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March 22, 2022 10:33 am

Peter Beinart Sinks Even Lower, Comparing Israel to Putin

avatar by Paul Schneider


Peter Beinart. Photo: Joe Mabel via Wikimedia Commons.

Peter Beinart has written, “It’s time to imagine a Jewish home that is not a Jewish state,” and later added that Jews were never entitled to a state in the first place. More recently, he has said that Israelis should seek repentance for the Nakba (Israel’s creation) by forfeiting Jewish sovereignty and allowing five million Palestinian refugees to “return” to the land inside the Green Line. For Beinart, the very existence of the Jewish state is an injustice, and the only proper solution is to dismantle it. To end the conflict, he maintains, there must be an end to Zionism.

In his latest effort to delegitimize the Jewish state, “Justifications for Destroying a People” (Jewish Currents), Beinart argues that Israel’s treatment of Palestinians is worthy of Vladimir Putin.

The article’s subtitle is, “The arguments Russia’s government deploys to dehumanize Ukrainians are strikingly similar to the ones Israel’s government uses to dehumanize Palestinians.” Beneath that is a menacing picture of Putin.

Beinart then begins: “In the days since Russia launched its full-scale invasion, Ukrainians and their supporters have been lionized for the same forms of resistance to oppression for which Palestinians are routinely condemned.” For Beinart, if we approve of Ukrainians using Molotov cocktails, we shouldn’t condemn Palestinian terrorism or the countless attacks exclusively directed at civilians, including children. And the international boycott of Russia is a lot like the BDS movement. Makes sense, right?

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Pursuing the analogy, Beinart then goes on to play the race card: “In mainstream American discourse, Ukrainians, a mostly white and Christian people battling an American foe, are viewed as fully human, and thus entitled to fight for their freedom. Palestinians, a mostly nonwhite and non-Christian people battling an American ally, are not.” So if we could get over those prejudices, we would realize that Palestinian stabbing attacks and rocket barrages into civilian areas have the same moral value as Ukrainian attempts to fight off an unprovoked foreign invasion. Sure, that works.

Beinart argues that, just as Putin does with Ukraine, “Israeli politicians and commentators routinely link Palestinianism [whatever that is] and Nazism.” He doesn’t say who those Israelis are. But whatever they may or may not have said, there is in fact a long-standing link between Palestinian “resistance” and the Nazis themselves, as well as Nazi ideology.

It began with the Mufti of Jerusalem, Haj Amin al-Husseini, leader of the Palestinian national movement during the Mandate period. An inveterate antisemite, the Mufti traveled to Germany, where he met with Hitler, sought an alliance with the Nazis, and asked them to help eliminate Jews from the Arab world. (Beinart disingenuously accuses “Israeli politicians and commentators” of falsely claiming that the Mufti “convinced Hitler to launch the Holocaust” itself.)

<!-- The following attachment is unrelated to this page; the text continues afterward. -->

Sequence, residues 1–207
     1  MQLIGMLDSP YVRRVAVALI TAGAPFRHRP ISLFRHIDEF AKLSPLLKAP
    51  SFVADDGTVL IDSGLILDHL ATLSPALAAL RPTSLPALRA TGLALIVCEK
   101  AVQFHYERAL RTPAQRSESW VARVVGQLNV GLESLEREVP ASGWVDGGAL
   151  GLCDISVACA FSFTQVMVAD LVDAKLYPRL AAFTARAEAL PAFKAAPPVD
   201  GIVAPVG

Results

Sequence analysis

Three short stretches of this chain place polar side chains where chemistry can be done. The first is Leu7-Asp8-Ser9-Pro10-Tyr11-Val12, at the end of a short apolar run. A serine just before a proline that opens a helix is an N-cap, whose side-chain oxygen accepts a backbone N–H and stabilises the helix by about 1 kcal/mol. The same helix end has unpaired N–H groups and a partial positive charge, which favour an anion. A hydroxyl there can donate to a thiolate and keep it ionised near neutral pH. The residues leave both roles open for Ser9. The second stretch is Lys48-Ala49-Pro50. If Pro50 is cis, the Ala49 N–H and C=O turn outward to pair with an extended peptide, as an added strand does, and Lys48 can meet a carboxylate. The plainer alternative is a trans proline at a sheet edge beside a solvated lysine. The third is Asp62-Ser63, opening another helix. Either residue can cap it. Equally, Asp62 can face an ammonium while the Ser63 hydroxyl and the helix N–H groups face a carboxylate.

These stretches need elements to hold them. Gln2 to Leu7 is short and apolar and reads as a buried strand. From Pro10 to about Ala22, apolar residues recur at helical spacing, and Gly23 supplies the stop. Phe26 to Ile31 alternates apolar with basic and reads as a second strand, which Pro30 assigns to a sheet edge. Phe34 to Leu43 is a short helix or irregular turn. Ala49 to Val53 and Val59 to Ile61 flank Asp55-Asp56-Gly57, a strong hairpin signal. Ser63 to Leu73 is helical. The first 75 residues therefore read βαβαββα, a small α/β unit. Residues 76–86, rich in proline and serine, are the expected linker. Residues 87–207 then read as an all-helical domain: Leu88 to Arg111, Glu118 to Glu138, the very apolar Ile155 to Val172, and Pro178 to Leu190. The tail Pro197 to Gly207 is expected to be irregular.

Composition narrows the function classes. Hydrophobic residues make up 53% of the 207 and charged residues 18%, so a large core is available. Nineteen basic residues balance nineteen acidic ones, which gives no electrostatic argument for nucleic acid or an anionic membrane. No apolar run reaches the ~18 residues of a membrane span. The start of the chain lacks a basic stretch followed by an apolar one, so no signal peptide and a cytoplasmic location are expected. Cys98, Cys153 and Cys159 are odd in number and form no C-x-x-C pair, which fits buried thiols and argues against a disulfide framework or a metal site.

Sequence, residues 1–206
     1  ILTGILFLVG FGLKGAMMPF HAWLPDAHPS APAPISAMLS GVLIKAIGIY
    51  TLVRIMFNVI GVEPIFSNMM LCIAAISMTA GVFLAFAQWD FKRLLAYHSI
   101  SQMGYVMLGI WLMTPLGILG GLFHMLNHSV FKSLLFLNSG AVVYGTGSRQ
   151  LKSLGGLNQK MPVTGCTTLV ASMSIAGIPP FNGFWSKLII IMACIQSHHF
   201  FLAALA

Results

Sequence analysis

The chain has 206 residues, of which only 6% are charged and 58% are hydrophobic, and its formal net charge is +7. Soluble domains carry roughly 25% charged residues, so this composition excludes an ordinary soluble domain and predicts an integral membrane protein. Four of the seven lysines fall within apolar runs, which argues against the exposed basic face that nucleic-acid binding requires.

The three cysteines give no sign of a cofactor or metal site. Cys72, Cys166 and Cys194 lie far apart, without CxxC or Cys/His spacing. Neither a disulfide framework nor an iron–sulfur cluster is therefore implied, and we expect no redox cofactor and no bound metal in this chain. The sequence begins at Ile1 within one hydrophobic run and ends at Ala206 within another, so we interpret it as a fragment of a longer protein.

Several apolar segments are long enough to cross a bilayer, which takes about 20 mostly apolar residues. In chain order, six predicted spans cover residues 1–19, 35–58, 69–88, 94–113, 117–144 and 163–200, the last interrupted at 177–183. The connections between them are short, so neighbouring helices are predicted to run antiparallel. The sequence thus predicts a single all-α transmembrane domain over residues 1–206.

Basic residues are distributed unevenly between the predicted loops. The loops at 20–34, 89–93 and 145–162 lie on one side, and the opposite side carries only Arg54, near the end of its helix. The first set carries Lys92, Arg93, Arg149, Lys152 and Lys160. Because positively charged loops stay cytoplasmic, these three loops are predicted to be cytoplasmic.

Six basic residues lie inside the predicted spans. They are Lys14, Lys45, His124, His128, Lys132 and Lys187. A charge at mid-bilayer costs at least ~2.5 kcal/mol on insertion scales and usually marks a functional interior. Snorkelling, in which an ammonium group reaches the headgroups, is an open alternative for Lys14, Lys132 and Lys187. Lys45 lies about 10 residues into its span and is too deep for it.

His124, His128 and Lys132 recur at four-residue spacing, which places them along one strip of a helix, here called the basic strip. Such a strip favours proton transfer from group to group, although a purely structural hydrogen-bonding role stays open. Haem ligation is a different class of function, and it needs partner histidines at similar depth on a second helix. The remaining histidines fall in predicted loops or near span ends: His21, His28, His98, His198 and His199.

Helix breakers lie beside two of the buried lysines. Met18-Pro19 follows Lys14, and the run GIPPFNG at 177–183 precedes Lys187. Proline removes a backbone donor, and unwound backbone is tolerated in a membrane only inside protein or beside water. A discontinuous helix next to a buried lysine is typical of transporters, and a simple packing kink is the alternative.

Hitler offered his support for the Arabs in Israel, and the Mufti’s plan came close to fruition. As Colin Shindler relates in his “History of Modern Israel”: “Had it not been for the victory at El Alamein, SS Obersturmbannfuhrer Walter Rauff would have ordered his Einsatzkommando to liquidate the Jews of Palestine. The Nazis expected local participation in their actions.”

As historian Efraim Karsh has documented, Nazi-style antisemitism, including the usual Nazi tropes, has continued among Palestinian officials to this day. “The Protocols of the Elders of Zion” is popular with the Palestinian Authority, and is often cited in its largest daily, al-Hayat al-Jadida. Palestinian students are indoctrinated with antisemitic ideology, much like in Nazi Germant. But in Beinart’s world, Israelis who highlight such truths are dehumanizing Palestinians.

And how does Hamas fit into Beinart’s analogy? Are they part of the righteous Palestinian resistance — freedom fighters, victimized by the Putinesque Israeli regime?

Beinart portrays Foreign Minister Yair Lapid as an alarmist for noting that the Hamas charter calls for a genocidal war against the Jewish state. Beinart does acknowledge that Hamas “has launched violent attacks.” But then he argues: “Hamas has neither carried out, nor tried to carry out, anti-Jewish genocide. Jews like Haaretz reporter Amrira Hass and Harvard scholar Sara Roy have lived for long stretches of time under its rule, disproving claims that what motivates Hamas is simply a desire to kill Jews.”

So the fact that two Jews have lived under Hamas and survived proves that we don’t need to worry. Of course, Hamas continues to aim thousands of rockets at Jewish civilians. But Beinart says it’s the Israelis who remind him of Putin. Go figure.

Paul Schneider is an attorney, writer and member of the Board of Directors of the American Jewish International Relations Institute (AJIRI), an affiliate of B’nai B’rith International.

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